Here are some brief notes on John Meier’s goals, sources and criteria in his work on the historical Jesus.
The goal of objectivity
Meier offers the best take when he quotes Karl Rahner’s phrase “asymptotic goal” when speaking of his effort to be objective. Meier tries hard and shows us he’s trying hard through the transparancy of his work. He lays out his methodology clearly, so we can follow along and decide if he’s consistent in applying it throughout. Also, he provides truly voluminous endnotes so we can compare his conclusions with those of other scholars.
“Prescinding” from faith
Meier is a catholic priest. So what is all this talk of objectivity about?! How could he possibly be objective? He admits his biases will reflect his working out of the catholic context. But Meier draws a strict distinction between what he knows about Jesus through research and what he knows through his faith. He will prescind from or bracket his faith for the purposes of the project. It seems to me that he achieves this goal. I speculate that this is something evangelical Protestants and even some conservative Catholics would not or could not do.
The “unpapal” conclave
Meier invokes an imaginative metaphor for his effort at objectivity: he pictures an “unpapal” conclave consisting of a Catholic, a Protestant, and Jew and an Agnostic, “locked up in the bowels of the Harvard Divinity School library” forced to hammer out a consensus document on the historical Jesus.
Why a “Marginal Jew”?
Marginality is a theme which touches the subject from several angles. While the resurrected Jesus is absolutely central to Christian faith, the historical Jesus seems to have existed on the margins of his family, his society, his religion; he is a figure on the bare margins of political history, certainly.
The canonical gospels are the primary sources of evidence on the historical Jesus. There are a very small number of verses elsewhere in the NT that are useful. The non-canonical gospels and apocrypha add essentially nothing of real value, according to Meier. Some other scholars do see more value in texts like the Gospel of Thomas or, in John Dominic Crossan’s case, the Gospel of Peter, but these are minority opinions. Of the canonical gospels, some scholars place very little emphasis on John, given its thorough-going theological agenda, but Meier sees some good nuggets in John.
Outside of the NT, Meier gives a detailed treatment of the text with the best claim to attest to the existence of Jesus: this is the work of the Jewish-Roman writer of histories named Josephus. Josephus’ work includes references to Pontius Pilate, Herod the Great, and John the Baptist. The texts also include a brief passage about Jesus as well one on his brother James. The problem is that the text show clear signs of later Christian tampering. So was the reference to Jesus inserted, or was a legitimate reference bulked up and embellished? Meier provides a detailed analysis (as well as his own translation) and concludes it is possible to reconstruct a core which existed prior to Christian tampering. The analysis certainly seems plausible and may be becoming the majority view among scholars, although it must be said that we will probably never have consensus.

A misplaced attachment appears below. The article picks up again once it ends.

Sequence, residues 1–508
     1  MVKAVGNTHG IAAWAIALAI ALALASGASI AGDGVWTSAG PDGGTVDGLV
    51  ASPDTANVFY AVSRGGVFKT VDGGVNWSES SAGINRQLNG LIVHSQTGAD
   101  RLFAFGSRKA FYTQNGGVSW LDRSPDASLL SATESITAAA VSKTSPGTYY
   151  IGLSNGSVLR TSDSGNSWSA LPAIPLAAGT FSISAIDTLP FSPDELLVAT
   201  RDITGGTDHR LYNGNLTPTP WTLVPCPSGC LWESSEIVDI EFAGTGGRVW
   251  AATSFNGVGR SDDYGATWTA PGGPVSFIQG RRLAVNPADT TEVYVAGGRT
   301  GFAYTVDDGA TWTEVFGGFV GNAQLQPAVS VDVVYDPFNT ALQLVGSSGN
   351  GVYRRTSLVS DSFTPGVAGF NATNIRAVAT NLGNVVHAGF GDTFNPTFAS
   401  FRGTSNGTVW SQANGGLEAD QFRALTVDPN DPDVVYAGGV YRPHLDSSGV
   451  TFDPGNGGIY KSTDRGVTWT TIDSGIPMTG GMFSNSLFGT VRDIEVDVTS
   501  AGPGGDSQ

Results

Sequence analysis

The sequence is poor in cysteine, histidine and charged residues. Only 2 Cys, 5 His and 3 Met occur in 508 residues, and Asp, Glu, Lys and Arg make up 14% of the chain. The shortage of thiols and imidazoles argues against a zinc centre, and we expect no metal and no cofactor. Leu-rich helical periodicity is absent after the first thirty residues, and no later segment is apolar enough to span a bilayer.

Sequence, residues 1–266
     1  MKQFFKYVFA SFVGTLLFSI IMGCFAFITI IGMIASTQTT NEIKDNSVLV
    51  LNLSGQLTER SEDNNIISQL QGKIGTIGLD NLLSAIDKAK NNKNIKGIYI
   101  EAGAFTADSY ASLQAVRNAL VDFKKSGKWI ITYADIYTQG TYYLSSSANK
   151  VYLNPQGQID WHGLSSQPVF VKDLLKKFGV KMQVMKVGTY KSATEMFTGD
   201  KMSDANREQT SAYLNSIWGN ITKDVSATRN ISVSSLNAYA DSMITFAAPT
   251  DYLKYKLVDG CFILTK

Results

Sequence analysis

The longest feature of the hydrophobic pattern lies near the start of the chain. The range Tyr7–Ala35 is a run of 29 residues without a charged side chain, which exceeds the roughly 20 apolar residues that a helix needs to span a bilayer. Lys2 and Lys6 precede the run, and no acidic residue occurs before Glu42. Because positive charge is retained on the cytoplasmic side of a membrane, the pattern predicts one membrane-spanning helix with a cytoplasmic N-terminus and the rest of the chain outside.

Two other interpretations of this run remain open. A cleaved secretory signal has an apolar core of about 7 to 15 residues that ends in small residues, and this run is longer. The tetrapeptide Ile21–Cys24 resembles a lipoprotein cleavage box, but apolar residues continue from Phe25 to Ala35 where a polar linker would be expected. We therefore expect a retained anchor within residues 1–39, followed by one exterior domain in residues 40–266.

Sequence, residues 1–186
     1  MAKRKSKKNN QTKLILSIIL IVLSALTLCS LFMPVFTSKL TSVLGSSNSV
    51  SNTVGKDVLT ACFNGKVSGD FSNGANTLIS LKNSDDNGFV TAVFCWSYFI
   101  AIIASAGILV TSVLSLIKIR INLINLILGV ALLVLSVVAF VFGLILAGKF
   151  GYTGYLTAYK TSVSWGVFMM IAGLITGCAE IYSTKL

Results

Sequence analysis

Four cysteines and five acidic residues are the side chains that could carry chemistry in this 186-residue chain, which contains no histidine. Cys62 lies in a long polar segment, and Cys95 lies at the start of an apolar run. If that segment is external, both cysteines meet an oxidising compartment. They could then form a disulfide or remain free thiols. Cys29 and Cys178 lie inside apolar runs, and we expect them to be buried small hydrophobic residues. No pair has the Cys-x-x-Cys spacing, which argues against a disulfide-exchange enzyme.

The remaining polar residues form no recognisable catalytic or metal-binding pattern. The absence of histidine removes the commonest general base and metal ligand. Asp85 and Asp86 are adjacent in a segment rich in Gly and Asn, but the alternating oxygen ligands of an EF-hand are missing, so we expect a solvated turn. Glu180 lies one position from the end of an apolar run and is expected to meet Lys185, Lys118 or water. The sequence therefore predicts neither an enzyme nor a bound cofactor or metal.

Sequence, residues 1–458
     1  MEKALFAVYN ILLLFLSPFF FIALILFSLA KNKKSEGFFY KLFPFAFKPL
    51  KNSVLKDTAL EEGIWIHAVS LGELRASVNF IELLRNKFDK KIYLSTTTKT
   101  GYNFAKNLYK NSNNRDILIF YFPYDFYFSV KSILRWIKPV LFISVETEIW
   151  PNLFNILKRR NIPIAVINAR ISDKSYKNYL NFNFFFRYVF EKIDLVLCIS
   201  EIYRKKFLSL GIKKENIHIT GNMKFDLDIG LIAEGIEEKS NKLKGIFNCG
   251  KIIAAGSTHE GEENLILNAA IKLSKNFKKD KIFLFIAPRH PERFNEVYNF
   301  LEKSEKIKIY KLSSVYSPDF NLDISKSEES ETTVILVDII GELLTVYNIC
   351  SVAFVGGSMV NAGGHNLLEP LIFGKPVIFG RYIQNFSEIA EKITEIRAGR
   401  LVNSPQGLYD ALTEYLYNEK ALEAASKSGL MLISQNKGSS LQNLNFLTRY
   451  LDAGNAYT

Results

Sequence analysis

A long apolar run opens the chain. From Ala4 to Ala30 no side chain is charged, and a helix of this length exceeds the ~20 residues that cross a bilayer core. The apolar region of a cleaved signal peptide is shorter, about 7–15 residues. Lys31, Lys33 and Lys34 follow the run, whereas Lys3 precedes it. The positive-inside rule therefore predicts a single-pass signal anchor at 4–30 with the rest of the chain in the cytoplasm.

The difficulty of the project
Before listing Meier’s criteria for judging NT material, I should stress again that we are looking at creating the best historical construct possible from limited evidence. There is no hope that we can capture what the “real” Jesus was like beyond an outline or sketch. One needs to be skeptical of anyone voicing too-detailed opinions about Jesus’ psychology and motivations in particular, as opposed to measured assessments about the relative historical value of various sayings and actions and some limited inferences about how he related to his time and place and thought of his mission and message.
In considering this criterion as well as others, remember again the central problem of analyzing the gospels is that the writers and editors were not striving to create an historical record. Writing from a vantage point several decades removed, they edited, embellished and created material to support and advocate the early church community of which they were a part. The point of the criterion of embarrassment is that anything remaining in the gospel texts which would have been embarrassing to these church communities has a relatively strong claim to historicity. An example might be Peter's denial of Jesus in the passion narratives. With Peter a leader of the early Church, this event in his life wouldn't have helped his reputation.
What did Jesus say or do which finds no ready parallel in OT tradition, what we know of 1st century Judaism, or in early Christianity? The unique character of sayings or actions may give them a greater claim to be historical. An example might be Jesus' rejection of voluntary fasting (Mark 2:18-22), which was a feature of religious practice before and after him.
3. Multiple Attestation
If a saying or action is found in more than one source, this lends credence to its historical nature. The sources must be independent, of course. Within the synoptics, Matthew and Luke’s repetition of Marcan material does not count.
If an item has merit on some combination of the first three criteria, then the question of whether it coheres with other material judged historical can be considered a point in its favor. One specific variation of this: does the material cohere with or point toward Jesus’ eventual trial and crucifixion, which is the most historically well supported event in Jesus life based on the other criteria?
Other, lesser criteria include inclusion of traces of Aramaic in the Greek texts, and the authenticity of the Palestinian environment depicted (especially since the evangelists at times seem ignorant of the region).